Water, water everywhere, and not a DROP TO DRINK… How does your water taste? Does your water contain Chlorine? Do you buy bottled $$$$$$$$ water?
What other chemicals are added to water supplies running through antiquated, sometimes leaded, pipes into your home or business?
Reverse Osmosis Filtration is for all water systems, private and public, and requires no harsh chemicals!
Reverse osmosis filtration cleans water by taking out the totally dissolved solids (TDS) which contaminate the water. Although public water treatment removes the dirt and debris and adds chlorine to prevent the spread of diseases, it does not remove the dissolved solids from the water. And with the increasing pollution of our surface and ground water with contaminants such as lead, mercury, and chromium-6, as well as the naturally occurring harmful contaminants such as arsenic, fluorides, and sulfides found in some areas of the country, it is more important than ever to have a way to remove these contaminants at the point of use–your home!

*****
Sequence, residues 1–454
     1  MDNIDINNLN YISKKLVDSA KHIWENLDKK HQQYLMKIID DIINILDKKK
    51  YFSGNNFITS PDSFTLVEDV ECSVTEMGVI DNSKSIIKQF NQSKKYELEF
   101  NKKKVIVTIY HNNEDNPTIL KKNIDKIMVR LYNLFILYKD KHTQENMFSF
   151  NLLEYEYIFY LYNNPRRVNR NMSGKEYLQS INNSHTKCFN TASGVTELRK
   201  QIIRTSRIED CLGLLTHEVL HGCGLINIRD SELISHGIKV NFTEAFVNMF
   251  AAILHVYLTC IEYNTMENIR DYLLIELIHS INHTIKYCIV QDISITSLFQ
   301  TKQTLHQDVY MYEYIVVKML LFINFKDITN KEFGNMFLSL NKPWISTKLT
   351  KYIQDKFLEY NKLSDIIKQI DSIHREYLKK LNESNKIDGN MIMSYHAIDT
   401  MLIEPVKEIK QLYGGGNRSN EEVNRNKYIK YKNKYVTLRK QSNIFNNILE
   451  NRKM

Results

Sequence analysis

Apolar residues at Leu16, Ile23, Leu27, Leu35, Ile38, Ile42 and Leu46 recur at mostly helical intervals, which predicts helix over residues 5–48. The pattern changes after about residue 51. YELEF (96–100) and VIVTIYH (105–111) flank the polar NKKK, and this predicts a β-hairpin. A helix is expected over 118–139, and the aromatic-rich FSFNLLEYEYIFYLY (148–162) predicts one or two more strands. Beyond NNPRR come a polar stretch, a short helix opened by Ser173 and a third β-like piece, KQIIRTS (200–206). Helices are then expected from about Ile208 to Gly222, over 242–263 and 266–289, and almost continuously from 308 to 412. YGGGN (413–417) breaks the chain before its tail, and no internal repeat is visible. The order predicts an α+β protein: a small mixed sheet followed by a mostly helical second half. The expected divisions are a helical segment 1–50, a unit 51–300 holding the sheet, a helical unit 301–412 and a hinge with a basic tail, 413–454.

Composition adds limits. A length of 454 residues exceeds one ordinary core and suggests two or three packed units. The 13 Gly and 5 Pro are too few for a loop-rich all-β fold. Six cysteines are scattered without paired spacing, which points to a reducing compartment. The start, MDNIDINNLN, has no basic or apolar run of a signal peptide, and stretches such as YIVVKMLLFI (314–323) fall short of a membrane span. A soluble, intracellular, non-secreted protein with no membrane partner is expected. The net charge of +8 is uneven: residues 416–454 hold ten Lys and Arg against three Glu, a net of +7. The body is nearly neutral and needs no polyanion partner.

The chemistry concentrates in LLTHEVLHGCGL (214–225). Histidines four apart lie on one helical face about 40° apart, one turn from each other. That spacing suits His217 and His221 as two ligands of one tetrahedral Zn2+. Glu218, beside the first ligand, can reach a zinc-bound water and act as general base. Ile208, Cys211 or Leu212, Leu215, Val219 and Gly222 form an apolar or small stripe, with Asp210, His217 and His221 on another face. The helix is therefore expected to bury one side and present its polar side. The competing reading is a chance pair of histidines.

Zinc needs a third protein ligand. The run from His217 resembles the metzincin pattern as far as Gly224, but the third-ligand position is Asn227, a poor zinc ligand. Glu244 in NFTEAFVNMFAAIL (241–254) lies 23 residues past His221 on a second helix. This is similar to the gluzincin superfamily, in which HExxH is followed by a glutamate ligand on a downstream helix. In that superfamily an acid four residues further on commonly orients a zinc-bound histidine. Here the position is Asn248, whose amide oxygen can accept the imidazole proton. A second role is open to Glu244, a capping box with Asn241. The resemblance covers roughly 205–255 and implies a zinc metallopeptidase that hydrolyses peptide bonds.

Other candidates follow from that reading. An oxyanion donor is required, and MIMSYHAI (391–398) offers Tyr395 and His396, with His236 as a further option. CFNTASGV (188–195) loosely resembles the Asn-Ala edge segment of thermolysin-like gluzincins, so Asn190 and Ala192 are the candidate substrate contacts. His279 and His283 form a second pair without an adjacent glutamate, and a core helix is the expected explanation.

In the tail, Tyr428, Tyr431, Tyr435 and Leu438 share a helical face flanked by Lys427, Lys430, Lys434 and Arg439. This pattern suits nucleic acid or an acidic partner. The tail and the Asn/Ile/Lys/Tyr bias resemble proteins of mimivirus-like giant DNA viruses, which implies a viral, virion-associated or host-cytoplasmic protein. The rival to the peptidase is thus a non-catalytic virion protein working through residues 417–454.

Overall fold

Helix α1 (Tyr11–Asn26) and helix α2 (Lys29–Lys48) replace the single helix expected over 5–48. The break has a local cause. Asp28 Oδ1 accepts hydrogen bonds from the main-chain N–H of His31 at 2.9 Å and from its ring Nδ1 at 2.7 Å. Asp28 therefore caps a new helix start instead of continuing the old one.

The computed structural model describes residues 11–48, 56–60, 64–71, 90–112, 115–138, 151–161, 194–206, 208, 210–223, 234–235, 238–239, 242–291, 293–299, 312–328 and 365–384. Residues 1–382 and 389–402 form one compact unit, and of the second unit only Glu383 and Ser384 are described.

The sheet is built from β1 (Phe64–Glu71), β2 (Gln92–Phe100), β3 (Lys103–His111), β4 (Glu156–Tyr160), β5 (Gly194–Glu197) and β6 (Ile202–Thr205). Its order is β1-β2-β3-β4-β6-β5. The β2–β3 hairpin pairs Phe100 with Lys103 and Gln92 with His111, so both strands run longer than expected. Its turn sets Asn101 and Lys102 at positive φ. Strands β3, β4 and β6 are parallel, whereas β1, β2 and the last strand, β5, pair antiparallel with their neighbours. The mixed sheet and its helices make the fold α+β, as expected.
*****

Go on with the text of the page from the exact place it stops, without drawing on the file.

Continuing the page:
Reverse Osmosis membranes used in water filtration systems can on average remove 95% of dissolved contaminants from water (see table on right). Only 1% of the city water entering the home is used for drinking and cooking—about 2-3 gallons per day—where the average home used 300 gallons per day or more. So it makes sense to treat the whole house for dissolved calcium for efficiency of detergents and protection in personal hygiene, then to micro-filter drinking and cooking water with RO. Public and private water systems both have the required pressure of 60-70 psi to make the reverse osmosis system work properly.
Reverse Osmosis is a naturally occurring process in human and animal membranes. Salts in the body fluids build up osmotic pressure, forcing water molecules through the living membranes in our bodies. In under-sink reverse osmosis systems, pressure from the city water overcomes the “salt” pressure of the dissolved materials and forces the water molecules through a thin, synthetic film membrane, leaving the dissolved salts behind. The city/county water enters the membrane filter element, and two streams leave; the clean water and the water containing the dissolved solid residue, called brine, which is discarded to the drain. RO removes the smallest of materials, from 1-micron down to 1-Angstrom. For materials larger than 1 micron, particle filters are used ahead of the RO membrane to prevent plugging of the tiny membrane pores.
Typical Reverse Osmosis Contaminant Removal Rates
Haynes Well & Pump Service, Inc.
980 Roanoke Street Christiansburg, VA 24073 (540) 382-8251